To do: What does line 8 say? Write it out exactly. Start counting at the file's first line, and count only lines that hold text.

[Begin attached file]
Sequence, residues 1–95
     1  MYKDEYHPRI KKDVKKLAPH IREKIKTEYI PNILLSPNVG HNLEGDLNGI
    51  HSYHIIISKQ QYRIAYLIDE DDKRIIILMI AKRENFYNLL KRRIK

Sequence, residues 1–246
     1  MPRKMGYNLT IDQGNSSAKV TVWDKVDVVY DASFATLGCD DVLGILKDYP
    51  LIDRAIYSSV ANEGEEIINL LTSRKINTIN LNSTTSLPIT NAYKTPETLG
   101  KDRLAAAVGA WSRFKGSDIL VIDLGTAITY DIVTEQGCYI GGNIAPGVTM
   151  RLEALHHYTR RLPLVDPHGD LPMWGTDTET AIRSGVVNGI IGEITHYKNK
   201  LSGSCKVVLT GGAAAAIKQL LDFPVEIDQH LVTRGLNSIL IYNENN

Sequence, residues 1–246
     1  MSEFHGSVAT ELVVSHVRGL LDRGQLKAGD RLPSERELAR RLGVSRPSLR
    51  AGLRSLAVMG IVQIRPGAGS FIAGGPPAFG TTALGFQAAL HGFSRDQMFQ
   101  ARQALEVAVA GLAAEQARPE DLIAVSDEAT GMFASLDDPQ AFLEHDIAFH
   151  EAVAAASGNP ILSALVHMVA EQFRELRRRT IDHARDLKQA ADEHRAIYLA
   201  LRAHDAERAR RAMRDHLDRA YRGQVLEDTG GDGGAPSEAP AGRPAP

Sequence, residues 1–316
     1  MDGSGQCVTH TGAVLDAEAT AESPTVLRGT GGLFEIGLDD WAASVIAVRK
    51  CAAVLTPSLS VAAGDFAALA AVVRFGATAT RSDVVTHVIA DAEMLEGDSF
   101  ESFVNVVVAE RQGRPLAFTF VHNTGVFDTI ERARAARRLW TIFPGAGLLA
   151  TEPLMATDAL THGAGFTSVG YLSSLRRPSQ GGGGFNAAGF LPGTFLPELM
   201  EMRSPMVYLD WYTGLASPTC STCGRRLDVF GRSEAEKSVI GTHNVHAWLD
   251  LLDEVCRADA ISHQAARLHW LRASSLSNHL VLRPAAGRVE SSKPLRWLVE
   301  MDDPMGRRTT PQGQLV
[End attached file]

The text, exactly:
   151  RLEALHHYTR RLPLVDPHGD LPMWGTDTET AIRSGVVNGI IGEITHYKNK